Let’s talk about how to fit the weights of a multi-layer perceptron (MLP) neural network. Gradient descent is used to optimize MLP neural nets. We first set up a loss function and then differentiate it with respect to each of the parameters we want to update. However, the expressions used to update the parameters have a lot of shared terms, as the weights in hidden layers depend on the gradients of higher levels. Backpropagation is a technique to efficiently compute the gradients to make training our network fast when using gradient descent.
In the forward pass below, the inputs on the left (x_n) propagate forward through the arrows to the hidden layer of units (z_n), which in turn project to the output layer (y_n). The output is compared with the value given by a trainer, and the difference is used to update the weights to the output unit to reduce the error.
In the backward pass, the weights between the input units and the hidden layer are then updated based on back-propagating the error according to how much each weight contributes to the error. By training on many examples, the hidden units develop selective features that can be used to distinguish between different input patterns so that they can be separated into different classes in the output layer. This is also called representation learning.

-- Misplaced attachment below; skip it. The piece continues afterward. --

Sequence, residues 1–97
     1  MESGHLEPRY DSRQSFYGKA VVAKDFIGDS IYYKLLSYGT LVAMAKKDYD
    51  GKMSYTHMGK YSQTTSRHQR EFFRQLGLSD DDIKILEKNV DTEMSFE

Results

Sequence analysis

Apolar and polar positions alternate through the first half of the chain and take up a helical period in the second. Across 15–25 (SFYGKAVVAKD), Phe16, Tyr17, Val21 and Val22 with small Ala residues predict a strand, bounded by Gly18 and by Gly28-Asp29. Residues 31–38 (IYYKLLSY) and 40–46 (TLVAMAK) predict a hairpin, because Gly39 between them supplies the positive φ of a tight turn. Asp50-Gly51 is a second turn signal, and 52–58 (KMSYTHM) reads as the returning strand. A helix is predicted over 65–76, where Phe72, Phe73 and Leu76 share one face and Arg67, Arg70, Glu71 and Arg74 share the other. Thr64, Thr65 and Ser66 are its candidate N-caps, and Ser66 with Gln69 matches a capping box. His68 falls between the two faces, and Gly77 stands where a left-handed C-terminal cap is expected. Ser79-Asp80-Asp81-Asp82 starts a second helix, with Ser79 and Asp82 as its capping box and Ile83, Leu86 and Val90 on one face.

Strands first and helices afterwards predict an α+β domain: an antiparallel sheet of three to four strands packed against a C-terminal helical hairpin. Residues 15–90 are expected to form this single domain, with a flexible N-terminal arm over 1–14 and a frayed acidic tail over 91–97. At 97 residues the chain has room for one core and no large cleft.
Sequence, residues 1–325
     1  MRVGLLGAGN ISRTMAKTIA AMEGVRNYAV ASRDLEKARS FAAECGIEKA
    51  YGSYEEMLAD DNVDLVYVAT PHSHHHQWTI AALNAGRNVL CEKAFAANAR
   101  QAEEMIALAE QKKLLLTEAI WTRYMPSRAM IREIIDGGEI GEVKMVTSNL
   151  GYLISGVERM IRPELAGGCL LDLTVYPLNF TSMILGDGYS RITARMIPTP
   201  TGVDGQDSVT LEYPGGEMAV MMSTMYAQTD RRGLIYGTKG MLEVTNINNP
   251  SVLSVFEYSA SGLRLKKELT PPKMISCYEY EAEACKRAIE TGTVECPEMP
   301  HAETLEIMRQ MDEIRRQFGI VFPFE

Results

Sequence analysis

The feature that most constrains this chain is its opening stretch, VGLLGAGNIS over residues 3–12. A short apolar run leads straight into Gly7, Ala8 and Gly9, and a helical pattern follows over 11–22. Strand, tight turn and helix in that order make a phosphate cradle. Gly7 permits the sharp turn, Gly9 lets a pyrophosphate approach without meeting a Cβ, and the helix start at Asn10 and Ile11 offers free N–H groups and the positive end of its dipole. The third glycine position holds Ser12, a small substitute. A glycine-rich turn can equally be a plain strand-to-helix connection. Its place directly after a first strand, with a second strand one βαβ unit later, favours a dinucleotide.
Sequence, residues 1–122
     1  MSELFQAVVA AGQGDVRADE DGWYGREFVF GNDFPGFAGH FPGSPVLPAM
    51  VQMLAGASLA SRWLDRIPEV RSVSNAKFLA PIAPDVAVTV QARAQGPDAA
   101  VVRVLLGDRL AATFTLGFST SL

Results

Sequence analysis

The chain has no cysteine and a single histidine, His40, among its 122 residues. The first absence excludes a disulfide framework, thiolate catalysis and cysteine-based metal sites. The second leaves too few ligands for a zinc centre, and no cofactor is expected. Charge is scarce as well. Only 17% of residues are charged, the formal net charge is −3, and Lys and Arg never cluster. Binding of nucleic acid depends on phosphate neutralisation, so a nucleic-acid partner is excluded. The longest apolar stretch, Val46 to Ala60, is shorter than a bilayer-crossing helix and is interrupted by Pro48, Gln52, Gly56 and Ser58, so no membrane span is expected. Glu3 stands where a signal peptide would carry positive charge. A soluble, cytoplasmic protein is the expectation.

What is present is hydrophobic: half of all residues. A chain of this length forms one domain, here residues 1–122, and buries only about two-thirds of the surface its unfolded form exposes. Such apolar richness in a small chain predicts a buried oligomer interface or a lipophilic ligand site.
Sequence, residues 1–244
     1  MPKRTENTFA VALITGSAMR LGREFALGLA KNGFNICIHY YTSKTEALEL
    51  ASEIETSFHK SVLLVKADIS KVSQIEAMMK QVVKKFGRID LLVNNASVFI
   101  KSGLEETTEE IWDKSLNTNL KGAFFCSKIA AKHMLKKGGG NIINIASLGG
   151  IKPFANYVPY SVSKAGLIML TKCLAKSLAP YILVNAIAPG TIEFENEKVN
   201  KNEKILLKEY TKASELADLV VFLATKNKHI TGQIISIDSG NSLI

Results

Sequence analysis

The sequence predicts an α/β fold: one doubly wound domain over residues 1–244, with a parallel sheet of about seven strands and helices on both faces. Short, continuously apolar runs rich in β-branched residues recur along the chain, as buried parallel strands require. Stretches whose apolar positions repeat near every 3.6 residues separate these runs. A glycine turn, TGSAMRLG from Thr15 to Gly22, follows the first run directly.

For the math nerds out there, backpropagation is basically repeated application of the chain rule from calculus. The weight updates for layer h require the gradient of the weights with respect to the loss function. Using the chain rule, this can be expressed in terms of the gradient of the weights from layer h + 1 with respect to the loss function. This gives us a computationally efficient way to compute the gradients. Simply re-using the derivatives computed for higher layers is why backpropagation is considered efficient.
Neural Networks Tips & Tricks
Lastly, let’s cover some very neat tips and tricks in dealing with neural networks.
Tip #1 — Choose activation functions wisely
For multi-layer neural nets, the most common loss functions are:
Logistic loss (log loss) to classify 2 categories (binary classification).
Softmax loss (cross-entropy loss) to classify 3 or more categories.
Square loss: to do regression.
With a feed-forward neural network, you should probably use ReLUs for the hidden units. Using logistic sigmoid and tank for hidden units is a bad idea most of the time compared to ReLUs, as ReLUs are much faster to compute.
Tip #2 — Initialize weights properly